Editor’s Note: Gene Seymour is a critic who has written about music, movies and culture for The New York Times, Newsday, Entertainment Weekly and The Washington Post. Follow him on X @GeneSeymour. The opinions expressed in this commentary are solely those of the author. View more opinion on CNN.
Norman Lear, who died Tuesday at 101 years young, leaves behind a rich and complicated legacy.
On the one hand, he was the right person for the right time. As the 1960s morphed into the 1970s and social change transpired at a pace too fast for some, maybe most Americans to absorb, Lear sifted those transformations through the family situation-comedy format America knew and loved.
Issues deemed untouchable, even radioactive by commercial television, whether it was racism, menopause, religious intolerance, even workplace injustice, were delivered in the middle of America’s living rooms and America had to like it or lump it.
Fortunately for Lear, America liked it. A lot.
Beginning in 1971, when “All in the Family” premiered on CBS, Norman Lear’s reputation as a hit-making TV producer and socio-cultural provocateur cut a thundering, all-but-unstoppable path through the rest of the decade.
You wouldn’t think adapting a scruffy hit British sitcom (“Till Death Do Us Part”) whose main character was a working-class Cockney reactionary could ignite a show-business empire. But Lear took everything he’d learned about timing and rhythm from writing sketch comedy for Dean Martin and Jerry Lewis in the 1950s and, almost 20 years later, established a paradigm for success that would have been unthinkable in the years when if you were talking about an “out there” situation comedy, you meant “Bewitched” or “My Favorite Martian.”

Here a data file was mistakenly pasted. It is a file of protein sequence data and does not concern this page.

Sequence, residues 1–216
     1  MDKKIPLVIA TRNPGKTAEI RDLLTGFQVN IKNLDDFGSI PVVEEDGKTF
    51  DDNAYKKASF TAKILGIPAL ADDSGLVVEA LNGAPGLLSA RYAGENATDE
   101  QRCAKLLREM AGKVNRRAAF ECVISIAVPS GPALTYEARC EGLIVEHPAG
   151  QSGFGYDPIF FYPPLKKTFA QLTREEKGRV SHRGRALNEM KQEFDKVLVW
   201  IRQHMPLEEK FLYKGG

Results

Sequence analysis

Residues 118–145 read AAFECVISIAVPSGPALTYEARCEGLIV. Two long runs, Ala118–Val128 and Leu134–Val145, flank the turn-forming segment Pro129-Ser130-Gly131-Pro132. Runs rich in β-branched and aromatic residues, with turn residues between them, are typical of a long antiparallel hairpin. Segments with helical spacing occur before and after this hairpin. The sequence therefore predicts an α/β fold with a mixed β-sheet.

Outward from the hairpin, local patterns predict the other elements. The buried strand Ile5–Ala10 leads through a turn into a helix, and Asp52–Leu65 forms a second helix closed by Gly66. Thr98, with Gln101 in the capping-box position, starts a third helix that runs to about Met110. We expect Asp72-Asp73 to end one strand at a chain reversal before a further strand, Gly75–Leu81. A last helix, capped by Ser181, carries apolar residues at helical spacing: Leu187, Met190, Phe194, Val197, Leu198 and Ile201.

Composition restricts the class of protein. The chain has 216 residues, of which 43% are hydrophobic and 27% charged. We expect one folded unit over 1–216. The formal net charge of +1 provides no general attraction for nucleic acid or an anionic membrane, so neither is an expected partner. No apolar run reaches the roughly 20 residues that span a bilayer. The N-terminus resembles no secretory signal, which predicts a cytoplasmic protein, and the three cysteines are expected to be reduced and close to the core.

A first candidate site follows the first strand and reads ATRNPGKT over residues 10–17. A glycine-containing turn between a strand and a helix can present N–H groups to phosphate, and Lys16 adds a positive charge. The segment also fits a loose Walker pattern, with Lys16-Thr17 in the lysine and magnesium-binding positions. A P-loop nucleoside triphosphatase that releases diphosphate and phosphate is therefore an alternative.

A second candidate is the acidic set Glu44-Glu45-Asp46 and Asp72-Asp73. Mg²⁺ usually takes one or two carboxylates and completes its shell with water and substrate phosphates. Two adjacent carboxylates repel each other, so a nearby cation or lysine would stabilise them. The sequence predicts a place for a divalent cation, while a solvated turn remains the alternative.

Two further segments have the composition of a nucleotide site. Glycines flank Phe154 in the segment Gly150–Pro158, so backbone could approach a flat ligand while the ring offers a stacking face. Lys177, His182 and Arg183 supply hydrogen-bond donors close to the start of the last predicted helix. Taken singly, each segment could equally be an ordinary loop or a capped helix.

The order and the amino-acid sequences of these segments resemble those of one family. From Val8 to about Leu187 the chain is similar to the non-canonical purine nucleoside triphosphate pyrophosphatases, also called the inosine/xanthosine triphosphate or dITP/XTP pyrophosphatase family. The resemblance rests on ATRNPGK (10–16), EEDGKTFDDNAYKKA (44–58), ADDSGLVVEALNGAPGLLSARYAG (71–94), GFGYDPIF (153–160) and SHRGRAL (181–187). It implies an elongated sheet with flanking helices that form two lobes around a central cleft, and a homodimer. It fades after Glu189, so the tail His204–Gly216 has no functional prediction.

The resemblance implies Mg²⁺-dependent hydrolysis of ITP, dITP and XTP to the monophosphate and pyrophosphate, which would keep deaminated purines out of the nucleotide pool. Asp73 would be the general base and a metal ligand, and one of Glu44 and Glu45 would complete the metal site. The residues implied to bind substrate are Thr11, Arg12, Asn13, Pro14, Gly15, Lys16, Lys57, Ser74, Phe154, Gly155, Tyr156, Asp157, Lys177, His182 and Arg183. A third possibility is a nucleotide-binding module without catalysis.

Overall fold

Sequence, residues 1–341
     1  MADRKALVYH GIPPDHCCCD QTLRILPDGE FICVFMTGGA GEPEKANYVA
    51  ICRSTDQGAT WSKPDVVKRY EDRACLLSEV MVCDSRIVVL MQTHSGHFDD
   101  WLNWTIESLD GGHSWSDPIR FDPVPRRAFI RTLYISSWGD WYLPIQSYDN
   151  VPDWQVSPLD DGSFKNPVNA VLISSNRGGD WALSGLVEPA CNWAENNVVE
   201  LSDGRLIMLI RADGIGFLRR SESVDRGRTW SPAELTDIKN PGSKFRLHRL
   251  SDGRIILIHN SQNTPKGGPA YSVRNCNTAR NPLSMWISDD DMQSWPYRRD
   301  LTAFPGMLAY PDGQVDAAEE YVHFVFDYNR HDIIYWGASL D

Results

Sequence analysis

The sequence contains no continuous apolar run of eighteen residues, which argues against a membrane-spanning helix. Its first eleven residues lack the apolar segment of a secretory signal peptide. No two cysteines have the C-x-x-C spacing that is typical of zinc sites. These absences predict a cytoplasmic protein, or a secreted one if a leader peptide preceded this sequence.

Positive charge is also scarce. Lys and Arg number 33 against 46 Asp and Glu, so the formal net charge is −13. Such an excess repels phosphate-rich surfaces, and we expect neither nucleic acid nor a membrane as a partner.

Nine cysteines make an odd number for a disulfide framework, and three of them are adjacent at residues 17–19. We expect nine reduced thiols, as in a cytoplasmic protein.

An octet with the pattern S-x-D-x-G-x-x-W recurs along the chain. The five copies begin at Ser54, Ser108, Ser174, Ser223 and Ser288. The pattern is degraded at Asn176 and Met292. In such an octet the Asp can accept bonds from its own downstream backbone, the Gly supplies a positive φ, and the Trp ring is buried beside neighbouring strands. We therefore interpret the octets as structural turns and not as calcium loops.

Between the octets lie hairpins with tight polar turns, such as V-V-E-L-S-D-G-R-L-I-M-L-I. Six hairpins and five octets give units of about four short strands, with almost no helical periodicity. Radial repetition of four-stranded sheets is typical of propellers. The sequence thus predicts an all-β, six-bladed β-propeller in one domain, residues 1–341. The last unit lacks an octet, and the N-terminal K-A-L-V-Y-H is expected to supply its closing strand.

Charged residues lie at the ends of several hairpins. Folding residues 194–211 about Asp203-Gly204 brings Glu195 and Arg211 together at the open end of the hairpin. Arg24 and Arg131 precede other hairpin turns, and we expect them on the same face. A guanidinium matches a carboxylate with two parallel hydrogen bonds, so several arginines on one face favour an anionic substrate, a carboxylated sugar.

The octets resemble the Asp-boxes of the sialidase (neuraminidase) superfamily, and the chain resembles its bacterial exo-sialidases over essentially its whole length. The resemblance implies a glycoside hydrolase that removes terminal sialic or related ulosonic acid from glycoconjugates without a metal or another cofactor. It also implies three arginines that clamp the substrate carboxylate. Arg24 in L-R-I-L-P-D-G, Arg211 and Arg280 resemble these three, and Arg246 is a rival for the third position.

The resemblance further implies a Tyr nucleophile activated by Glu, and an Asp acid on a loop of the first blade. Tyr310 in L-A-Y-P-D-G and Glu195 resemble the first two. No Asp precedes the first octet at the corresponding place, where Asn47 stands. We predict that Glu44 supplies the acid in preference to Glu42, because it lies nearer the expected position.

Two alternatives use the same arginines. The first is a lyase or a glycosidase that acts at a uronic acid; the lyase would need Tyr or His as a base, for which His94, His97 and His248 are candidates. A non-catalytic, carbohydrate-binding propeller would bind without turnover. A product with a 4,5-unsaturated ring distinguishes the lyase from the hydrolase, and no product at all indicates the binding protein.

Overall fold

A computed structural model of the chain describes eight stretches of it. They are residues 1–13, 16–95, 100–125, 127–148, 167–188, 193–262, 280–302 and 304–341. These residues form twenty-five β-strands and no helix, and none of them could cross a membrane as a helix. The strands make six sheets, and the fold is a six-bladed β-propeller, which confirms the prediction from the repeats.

On a base level, Archie Bunker’s working-class Noo Yawk bluster on “All in the Family” was familiar to those who fondly remembered Jackie Gleason’s Ralph Kramden on “The Honeymooners.” But the ethnic insults – all of which stopped just short of corrosive epithets like the “n-word” or “k-word” – added something unruly and provocative to the mix.
Suddenly we had this muleheaded, bumbling patriarch whose type we’d come to know and, most of the time, love. And now here he was seething with reactionary resentment against what he saw as intrusion on his God-given autonomy by lily-livered liberals, lazy hippies, overbearing feminists, and any progressive entity you could name.
But he had…endearing qualities, too. He loved his wife and daughter, believed in an honest buck, and (Lord knows!) he loved his country. Lear made sure we saw these attributes pop up – along with the foibles and defects associated by generations to the Bumbling Dads of a couple dozen other sitcoms—to take the edge off his disquieting prejudices.
The phrase “lovable bigot” was often used in media and casual conversation to characterize and even explain Archie Bunker’s appeal to millions over 12 years and two programs, “Archie Bunker’s Place,” running from 1979 to 1983 being the second.
“Lovable bigot.” Hmmm…We’ll get back to that later.